Warner named medical director of Cancer Registry
February 11, 2016 | Dagny Stuart
Jeremy Warner, M.D., M.S., assistant professor of Medicine and Biomedical Informatics, has been named medical director of the Vanderbilt Cancer Registry at Vanderbilt-Ingram Cancer Center (VICC).
In this newly created position, Warner will work closely with Dauphne McGavic, MSN, R.N., CTR, who recently was appointed program manager of the Registry.
The Vanderbilt Cancer Registry was founded in the mid-1930s and is the official repository for data about cancer cases at VICC. The registry staff tracks the number of new cancer patients each year, the type of cancer at diagnosis, the state and county of residence and the health care outcomes for each patient. There are more than 90,000 case histories in the database.
This official data is reported to state and federal agencies, including the Centers for Disease Control and Prevention (CDC), and it provides a rich source of information about trends in cancer diagnoses and disease outcomes.
“Cancer registrars serve a vital and sometimes unrecognized role in the curation and abstraction of data relating to cancer patients diagnosed or treated at Vanderbilt,” Warner said.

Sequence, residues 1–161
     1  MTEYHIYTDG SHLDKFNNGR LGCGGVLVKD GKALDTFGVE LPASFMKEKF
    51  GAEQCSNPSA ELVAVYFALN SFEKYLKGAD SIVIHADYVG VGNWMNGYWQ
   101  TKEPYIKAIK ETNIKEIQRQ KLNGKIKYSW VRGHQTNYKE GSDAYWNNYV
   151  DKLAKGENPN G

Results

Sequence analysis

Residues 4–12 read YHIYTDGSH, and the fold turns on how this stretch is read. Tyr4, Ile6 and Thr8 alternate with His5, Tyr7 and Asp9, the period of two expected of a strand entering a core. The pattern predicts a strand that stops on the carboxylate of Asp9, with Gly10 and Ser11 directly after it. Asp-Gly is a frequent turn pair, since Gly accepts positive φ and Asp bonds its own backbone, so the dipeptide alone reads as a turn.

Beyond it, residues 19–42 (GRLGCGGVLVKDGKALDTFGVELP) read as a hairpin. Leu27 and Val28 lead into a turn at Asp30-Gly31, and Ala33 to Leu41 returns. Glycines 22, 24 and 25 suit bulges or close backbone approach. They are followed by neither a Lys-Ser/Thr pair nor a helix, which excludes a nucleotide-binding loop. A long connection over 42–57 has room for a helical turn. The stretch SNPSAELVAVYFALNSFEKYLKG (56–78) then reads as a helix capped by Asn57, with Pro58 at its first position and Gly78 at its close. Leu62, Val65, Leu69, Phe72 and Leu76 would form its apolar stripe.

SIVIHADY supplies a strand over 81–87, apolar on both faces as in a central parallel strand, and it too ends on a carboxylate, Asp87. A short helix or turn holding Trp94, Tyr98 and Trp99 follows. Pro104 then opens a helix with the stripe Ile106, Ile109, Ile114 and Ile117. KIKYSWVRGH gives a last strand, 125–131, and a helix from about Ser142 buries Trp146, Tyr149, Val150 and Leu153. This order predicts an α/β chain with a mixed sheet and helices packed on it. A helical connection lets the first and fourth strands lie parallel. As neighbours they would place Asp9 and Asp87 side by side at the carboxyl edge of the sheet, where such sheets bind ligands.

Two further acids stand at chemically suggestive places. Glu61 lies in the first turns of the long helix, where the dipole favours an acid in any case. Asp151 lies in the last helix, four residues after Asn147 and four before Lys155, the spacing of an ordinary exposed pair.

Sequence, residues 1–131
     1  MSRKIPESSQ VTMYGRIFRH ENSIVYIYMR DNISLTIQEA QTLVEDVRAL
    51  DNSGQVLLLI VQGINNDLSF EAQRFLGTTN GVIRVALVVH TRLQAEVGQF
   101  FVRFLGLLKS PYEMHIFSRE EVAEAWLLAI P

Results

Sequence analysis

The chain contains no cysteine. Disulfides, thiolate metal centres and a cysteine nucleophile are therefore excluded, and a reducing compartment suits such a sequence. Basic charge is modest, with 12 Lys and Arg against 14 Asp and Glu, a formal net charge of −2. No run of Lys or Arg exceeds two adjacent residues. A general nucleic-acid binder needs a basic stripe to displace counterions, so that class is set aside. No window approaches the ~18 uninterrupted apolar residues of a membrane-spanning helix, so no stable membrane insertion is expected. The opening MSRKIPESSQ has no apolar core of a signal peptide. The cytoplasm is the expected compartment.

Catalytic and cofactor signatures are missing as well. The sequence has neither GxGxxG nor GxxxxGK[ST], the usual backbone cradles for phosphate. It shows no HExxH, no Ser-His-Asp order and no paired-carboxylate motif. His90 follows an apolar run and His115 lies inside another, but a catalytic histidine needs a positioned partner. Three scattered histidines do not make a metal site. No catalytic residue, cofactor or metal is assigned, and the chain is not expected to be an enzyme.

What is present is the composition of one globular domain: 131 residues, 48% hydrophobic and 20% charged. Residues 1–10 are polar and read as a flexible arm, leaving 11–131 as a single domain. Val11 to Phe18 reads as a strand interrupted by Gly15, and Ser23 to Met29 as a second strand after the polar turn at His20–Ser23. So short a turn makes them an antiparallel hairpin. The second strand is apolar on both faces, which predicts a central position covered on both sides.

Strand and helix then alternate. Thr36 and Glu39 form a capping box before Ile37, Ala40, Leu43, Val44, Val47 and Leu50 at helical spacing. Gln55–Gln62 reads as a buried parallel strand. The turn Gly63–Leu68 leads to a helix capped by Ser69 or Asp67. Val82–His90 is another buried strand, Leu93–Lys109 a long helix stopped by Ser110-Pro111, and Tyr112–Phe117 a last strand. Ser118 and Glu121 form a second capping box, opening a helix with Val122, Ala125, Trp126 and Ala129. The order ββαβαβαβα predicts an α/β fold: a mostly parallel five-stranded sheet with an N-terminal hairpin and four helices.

“Due in large part to their efforts, VICC received a commendation during the most recent Commission on Cancer re-accreditation. I look forward to working with the registrars, VICC operations and cancer researchers to make the very most that we can from this invaluable data source.”
Warner will assist the staff in identifying and developing new informatics methods to improve the accuracy and timeliness of the data collection process, including strategies to connect with current and future electronic medical record systems. He will be involved in assessing diagnoses that are difficult to categorize as a specific form of cancer and will serve as a liaison between clinicians and the registry staff.
“Our Cancer Registry maintains one of the oldest longitudinal databases at Vanderbilt, which is a leader in the collection and utilization of de-identified patient data. These databases provide important information that is especially useful for health care investigators,” Warner said.
Warner earned a Bachelor of Science in Electrical Engineering at Massachusetts Institute of Technology, Cambridge, and a Master of Science degree at the University of California, San Diego, before receiving his M.D. at Boston University.
He completed an internship and residency in Internal Medicine at the University of California, San Francisco and a fellowship in Hematology and Oncology at Beth Israel Deaconess Medical Center, Harvard Medical School, in Boston. He joined the faculty at Vanderbilt in 2012.